Behavioral Goal Setting

To set and attain goals is an important process for nearly all high-achieving leaders. Whether you go through a formal process to set and monitor goals, or informally record your aspirations, the desired outcome is the same.

People typically identify tasks or activities as the stepping stones for goal achievement. For example, if you want to achieve a certain revenue number in your department, you can divide that number among your employees resulting in a goal of x dollars per employee.

This is a tactic that many people have used successfully. Another way to approach it, though, is to identify the behaviors and habits that will help you accomplish your goal. If you work on mastering such skills while you work on the tasks, you will undoubtedly be more effective.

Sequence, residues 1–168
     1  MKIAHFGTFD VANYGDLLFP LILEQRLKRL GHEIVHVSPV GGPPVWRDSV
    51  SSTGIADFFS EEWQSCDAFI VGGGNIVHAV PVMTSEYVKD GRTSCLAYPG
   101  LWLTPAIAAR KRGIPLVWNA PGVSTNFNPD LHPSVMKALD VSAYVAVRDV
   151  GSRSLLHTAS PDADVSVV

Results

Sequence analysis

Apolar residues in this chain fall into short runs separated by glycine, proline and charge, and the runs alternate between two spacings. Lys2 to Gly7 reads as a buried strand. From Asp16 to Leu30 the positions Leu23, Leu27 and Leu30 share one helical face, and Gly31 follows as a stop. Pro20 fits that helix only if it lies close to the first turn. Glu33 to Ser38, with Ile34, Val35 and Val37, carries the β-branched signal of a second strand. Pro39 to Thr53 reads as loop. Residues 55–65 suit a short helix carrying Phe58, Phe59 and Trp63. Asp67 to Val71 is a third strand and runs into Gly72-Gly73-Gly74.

Using the same example, perhaps developing your next level of managers will be a way to more effectively reach more employees at a deeper level.  First, what skills do you need to develop further to achieve this? What skills do they already have and what do they need? How does their behavior need to adapt to be a manager rather than a “doer”?

Focus on a skill or behavior building activity for an extended period (such as three to six months) so people can master the new habit. This mastery will serve you beyond its connection with your specific goal (increased revenue, in this case), so you’ll experience a positive ripple effect from your focus.

Start with this premise: What skill do you need to master that will result in the most significant positive outcome to achieve your most important goals? When you identify it, that’s the one you start with.

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